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"1.5 g·kg body mass⁻¹" can be equivalently written "(1.5 g)/(1 kg body mass)" or read "1.5 grams per kilogram body mass". So, a 87 kg person would be given 130.5 g of alcohol. The units work out as: (1.5 g EtOH)/(kg body mass) * 87 (kg body mass) = 130.5 g EtOH That is, you have (kg body mass) in the numerator and denominator, ...


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No it is not possible, sperm are missing most of the biochemical machinery need to produce a embryo, sperm have most most of their functional components to make them lower investment and faster. Sperm are lacking several important organelles, including the most important ribosomes. They are not fully functional cells. https://www.ncbi.nlm.nih.gov/books/...


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Well, it would be difficult from specifically sperm, but if you mean from two members of the same sex -- two men, then the answer is yes. Yes it is (or, rather, will be) possible. Already, it has been done in mice (new baby mice were born from both only mothers and also only fathers): https://www.cell.com/cell-stem-cell/pdf/S1934-5909(18)30441-7.pdf In ...


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Except in three specific areas (olfactory bulb, dentate gyrus, SVZ) where neurogenesis continues to occur in adult organisms, it is virtually absent from everywhere else, including the cortex. However, there have been many reports that the grey matter of the cortex, i.e. the zone where cell bodies and their processes reside, can enlarge. Cortical expansion ...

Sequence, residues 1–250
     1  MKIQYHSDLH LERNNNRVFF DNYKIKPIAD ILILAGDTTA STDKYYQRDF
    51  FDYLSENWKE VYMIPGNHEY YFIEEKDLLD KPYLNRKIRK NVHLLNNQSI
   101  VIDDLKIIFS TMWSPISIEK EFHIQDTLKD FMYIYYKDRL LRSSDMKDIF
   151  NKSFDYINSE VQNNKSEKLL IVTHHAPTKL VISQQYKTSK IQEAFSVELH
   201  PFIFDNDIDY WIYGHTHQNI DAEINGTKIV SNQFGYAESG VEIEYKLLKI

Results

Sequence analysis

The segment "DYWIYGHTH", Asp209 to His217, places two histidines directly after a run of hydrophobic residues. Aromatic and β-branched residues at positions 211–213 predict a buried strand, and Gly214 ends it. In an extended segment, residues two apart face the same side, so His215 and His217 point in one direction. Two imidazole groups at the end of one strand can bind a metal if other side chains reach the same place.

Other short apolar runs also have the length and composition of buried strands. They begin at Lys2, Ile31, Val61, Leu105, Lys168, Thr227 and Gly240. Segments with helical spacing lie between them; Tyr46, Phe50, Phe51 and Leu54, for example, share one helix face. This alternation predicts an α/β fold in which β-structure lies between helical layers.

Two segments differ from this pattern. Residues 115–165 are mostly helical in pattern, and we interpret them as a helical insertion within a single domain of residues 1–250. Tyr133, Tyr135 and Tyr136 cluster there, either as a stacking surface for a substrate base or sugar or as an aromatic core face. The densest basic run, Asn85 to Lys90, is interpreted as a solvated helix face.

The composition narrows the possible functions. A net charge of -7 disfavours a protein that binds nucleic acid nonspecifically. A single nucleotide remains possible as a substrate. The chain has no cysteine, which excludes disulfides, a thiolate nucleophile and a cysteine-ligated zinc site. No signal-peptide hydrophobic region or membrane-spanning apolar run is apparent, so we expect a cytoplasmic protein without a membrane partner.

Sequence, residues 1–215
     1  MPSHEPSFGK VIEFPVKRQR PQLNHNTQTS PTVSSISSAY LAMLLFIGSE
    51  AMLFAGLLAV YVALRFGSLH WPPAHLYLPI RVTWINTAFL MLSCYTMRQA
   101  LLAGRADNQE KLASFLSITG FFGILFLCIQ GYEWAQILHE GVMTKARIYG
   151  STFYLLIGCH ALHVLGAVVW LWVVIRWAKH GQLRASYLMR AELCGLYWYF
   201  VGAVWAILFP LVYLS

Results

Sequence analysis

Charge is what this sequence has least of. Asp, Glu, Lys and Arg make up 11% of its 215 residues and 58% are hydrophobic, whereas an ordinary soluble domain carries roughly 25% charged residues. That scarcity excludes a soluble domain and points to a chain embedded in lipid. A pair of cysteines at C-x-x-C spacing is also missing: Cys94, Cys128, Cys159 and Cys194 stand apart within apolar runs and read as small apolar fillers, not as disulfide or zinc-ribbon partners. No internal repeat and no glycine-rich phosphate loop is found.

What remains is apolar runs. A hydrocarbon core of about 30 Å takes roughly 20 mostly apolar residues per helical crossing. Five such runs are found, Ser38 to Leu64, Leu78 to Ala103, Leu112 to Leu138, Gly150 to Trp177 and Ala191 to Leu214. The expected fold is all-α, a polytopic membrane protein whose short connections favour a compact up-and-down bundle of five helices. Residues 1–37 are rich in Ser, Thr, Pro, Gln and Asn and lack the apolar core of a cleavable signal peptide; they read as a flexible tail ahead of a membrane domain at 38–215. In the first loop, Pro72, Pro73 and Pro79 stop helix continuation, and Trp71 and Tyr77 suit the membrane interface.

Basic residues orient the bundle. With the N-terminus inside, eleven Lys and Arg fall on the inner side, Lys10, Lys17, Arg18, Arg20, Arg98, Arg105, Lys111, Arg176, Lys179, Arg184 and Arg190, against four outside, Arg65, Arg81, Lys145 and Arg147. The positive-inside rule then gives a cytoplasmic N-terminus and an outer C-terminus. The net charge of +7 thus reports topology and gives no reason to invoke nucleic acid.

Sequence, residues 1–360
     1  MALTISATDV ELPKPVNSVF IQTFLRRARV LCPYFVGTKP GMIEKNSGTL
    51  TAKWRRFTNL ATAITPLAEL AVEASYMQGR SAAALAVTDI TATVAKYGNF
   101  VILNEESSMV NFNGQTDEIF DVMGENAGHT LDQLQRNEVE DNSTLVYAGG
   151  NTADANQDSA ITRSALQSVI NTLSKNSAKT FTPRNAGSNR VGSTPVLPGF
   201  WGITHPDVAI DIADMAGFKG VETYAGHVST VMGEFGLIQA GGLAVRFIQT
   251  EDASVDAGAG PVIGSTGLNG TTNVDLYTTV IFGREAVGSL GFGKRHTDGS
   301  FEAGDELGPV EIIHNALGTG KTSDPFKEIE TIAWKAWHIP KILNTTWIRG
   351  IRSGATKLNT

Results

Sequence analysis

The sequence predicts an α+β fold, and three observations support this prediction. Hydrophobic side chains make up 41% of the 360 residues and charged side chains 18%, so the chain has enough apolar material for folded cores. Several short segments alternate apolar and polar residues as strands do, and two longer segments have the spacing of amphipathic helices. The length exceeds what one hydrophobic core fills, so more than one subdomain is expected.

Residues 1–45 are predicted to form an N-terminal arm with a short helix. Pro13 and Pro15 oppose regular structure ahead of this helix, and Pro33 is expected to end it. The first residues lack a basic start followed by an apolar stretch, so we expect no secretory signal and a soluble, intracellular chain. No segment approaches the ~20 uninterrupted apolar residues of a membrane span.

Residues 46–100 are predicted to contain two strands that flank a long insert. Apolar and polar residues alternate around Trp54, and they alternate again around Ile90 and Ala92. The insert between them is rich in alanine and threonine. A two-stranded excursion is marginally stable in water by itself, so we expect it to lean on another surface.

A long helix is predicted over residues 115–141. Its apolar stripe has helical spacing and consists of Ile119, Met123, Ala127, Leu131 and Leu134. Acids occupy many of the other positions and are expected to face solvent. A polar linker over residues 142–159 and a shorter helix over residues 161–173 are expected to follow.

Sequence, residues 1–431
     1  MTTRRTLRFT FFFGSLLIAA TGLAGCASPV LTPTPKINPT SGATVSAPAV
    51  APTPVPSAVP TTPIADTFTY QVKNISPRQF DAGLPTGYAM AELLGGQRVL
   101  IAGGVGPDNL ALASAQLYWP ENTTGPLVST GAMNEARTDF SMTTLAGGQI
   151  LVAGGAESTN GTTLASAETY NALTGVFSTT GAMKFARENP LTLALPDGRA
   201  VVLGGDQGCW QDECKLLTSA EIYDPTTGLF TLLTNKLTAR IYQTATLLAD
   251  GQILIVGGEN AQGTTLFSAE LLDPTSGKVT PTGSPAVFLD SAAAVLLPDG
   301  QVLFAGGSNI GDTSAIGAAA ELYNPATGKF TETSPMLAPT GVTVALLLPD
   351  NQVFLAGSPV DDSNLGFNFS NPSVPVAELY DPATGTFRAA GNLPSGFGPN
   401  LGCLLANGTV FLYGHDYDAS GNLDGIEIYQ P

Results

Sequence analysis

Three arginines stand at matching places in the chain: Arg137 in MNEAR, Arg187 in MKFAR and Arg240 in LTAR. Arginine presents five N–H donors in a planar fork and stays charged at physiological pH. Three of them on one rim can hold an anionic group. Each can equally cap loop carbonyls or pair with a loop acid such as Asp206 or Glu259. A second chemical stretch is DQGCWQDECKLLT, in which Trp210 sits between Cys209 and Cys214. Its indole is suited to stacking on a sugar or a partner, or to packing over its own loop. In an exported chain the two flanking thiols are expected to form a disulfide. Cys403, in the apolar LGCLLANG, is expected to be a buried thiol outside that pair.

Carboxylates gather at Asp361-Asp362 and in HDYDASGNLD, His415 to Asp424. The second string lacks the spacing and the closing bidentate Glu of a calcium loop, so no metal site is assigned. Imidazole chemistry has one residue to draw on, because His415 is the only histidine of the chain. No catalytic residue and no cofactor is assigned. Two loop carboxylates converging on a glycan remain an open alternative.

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No one seems to be able to decide whether this question is worth answering or not, I will put one down just to bring closure, summarizing some of the discussion in the comments. I think that the question merits answering because the genetics community honestly hasn't done a good job of messaging on this topic. It's a little involved, so I'll break it into ...


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I don't think it is possible. There is a lot happening to the DNA of the sperm and the egg after fertilization, and just mixing the DNA of two sperm or two eggs would not achieve that. Also, a YY embryo would not be viable because the X chromosome contain vital genes that Y does not. That's why there are people with 1X but no one with 1Y.


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i know there are differences. My question was maybe a bit unclear. I didn't want to ask why there are teeth instead of bones, but why there are multiple teeth instead of one large spanning the entire jaw. Besides, parts of teeth (dentin, cementum) are not that different from bones. I never questioned the presence of the harder parts (enamel). For one thing, ...


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It also has some advantages, although some of these have been mostly lost in humans. In sharks for example teeth get continuously replaced, so losing one is much less of deal for them. This true in reptiles too, e.g. a lowly gecko can have 1,000 new teeth their lifetime. (The more technical term is polyphyodont.) It is somewhat of a mystery why mammals lost ...


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